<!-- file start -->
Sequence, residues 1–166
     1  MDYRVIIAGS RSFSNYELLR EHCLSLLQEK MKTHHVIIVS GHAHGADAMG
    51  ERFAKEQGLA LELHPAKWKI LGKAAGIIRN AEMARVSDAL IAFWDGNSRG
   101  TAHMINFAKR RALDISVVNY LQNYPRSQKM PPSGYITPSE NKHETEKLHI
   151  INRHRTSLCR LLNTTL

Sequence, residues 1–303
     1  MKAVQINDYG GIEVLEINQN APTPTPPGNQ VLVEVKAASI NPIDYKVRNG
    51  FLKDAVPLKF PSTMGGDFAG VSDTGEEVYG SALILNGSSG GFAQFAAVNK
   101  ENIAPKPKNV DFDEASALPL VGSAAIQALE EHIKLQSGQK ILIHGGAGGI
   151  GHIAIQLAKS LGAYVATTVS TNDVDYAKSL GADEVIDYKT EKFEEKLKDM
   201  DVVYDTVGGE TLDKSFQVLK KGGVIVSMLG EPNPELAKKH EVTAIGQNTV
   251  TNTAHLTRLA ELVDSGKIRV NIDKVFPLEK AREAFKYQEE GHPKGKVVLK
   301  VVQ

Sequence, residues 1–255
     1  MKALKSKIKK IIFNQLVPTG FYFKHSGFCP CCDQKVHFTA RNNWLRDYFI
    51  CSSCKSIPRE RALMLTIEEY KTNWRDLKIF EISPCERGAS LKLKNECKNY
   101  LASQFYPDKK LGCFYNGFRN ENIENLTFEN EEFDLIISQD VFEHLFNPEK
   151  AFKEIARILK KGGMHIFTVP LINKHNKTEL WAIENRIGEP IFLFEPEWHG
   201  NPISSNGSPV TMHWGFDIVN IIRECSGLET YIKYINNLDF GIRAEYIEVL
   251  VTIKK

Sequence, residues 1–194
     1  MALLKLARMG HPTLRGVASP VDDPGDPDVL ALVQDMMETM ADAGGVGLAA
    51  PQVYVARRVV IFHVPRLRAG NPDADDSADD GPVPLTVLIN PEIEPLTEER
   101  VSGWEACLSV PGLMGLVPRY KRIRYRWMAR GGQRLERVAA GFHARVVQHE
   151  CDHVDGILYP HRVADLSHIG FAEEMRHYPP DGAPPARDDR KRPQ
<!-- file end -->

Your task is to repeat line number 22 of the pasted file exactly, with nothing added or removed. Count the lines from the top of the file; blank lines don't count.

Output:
     1  MALLKLARMG HPTLRGVASP VDDPGDPDVL ALVQDMMETM ADAGGVGLAA